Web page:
Just another day in paradise. We are mooring in tiny coves probably only Jerome knows. Giant icebergs pile up in the outside swell while we are ice free and calm in a cove filled with other insiders-Crabeater, Weddell and fur seals, Adelie penguins, cormorants and skuas. Leiv dropped John, Russ and Steve on the near island then turned the zodiac over to me so he and Jerome could work on our suddenly laboring black carbon belching AMERICAN Caterpillar diesel engine. They have just about exhausted (it's a pun folks) their manuals and ideas so Dion 's relaying info from a mechanic back in Stanley. I am emailing my ace diesel dude, Jimmy "the wrench" Norcross, so he can stand by with some brilliant solution that will dazzle and further rile the French.
At any rate I took Yva, who has been boat bound the whole trip with a bum knee, up to photograph skuas. If you don't know skuas think pit-bull with wings. They are scavengers and have these giant gnarly beaks they use to open up a dead seal then they stick their whole head inside to feed. Yew.
I tied up and Yva and I began exploring and walked right into skua-ville. These are not passive birds. They dived bombed us with a vengeance. So I used my climbing stick and attached my hat to it and held it up. It worked for Butch Cassidy and the Sundance kid and it worked for me. Yva started shooting at this little lake and I walked up into a slough and there, thawing out of old ice, was a whale. A big whale. Vertebra like platters, ribs a foot wide and 16 feet long up in a rocky slough 20 feet above the sea. A mystery. And the bones. Old: orange and green crusted, some just emerging from the ice. When we went back to the boat I cornered Jerome. I knew he had sent me to the little lake hoping I would find the whale. These French are so cryptic. So what happened, I asked. How old was he and how did he get there? Answer: Glacial rebound. Dang. I should've thought of that.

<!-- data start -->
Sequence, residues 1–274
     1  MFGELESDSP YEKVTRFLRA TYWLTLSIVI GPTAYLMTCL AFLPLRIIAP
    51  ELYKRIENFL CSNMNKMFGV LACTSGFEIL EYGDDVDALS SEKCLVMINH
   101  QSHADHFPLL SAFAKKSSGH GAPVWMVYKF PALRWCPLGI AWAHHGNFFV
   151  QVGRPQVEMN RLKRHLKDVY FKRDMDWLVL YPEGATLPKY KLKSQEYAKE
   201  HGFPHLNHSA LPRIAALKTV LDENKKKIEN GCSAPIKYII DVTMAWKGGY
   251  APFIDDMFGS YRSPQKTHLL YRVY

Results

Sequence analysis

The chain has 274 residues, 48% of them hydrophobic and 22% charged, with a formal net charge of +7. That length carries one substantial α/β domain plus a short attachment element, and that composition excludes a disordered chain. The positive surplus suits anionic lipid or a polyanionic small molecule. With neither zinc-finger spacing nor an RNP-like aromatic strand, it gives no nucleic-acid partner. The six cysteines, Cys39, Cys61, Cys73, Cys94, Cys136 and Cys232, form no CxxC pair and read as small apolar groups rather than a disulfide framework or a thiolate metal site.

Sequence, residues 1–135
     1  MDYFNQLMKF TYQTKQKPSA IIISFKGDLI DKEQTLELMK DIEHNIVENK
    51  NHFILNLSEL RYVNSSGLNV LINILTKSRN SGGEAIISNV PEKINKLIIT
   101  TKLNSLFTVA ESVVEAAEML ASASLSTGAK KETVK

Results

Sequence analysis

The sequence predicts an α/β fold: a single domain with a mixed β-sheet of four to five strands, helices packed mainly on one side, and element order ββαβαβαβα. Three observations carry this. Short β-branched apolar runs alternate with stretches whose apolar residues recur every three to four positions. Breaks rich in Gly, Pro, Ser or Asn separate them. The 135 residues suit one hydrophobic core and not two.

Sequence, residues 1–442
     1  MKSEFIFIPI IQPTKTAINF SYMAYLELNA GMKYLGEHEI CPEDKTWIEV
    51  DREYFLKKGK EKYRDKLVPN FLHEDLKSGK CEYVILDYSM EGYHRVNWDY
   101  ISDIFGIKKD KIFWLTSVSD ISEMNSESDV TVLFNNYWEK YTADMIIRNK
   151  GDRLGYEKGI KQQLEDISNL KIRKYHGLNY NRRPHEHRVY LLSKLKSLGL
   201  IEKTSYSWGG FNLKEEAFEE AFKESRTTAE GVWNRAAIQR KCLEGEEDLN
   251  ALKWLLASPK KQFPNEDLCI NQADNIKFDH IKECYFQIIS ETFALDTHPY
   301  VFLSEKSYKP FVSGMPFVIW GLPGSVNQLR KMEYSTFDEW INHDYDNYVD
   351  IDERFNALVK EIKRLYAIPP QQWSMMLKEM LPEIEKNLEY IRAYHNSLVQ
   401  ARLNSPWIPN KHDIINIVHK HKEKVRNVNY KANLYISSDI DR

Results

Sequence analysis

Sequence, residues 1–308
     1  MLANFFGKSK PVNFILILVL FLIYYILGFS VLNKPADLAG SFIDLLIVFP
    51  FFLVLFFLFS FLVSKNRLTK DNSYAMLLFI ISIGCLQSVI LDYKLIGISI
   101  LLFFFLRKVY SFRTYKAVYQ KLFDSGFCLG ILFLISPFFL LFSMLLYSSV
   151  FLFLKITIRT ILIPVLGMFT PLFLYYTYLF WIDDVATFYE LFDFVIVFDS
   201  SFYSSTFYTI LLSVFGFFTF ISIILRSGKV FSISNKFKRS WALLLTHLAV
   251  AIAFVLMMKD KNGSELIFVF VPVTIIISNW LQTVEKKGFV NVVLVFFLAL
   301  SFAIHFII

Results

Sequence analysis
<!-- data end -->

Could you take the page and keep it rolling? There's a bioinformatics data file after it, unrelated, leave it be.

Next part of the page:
The ice melts, the weight and pressure are released and the land once submerged now expands-in this case-out of the sea taking the dead whale along for the ride.
I took Katee to see it later. She told me about South Georgia. The whaling station and the bone piles from thousands of slaughtered whales. The skeletons changed the landscape around the bay-from a flat place to one with hills-hills made of bones, now covered with dirt and grass.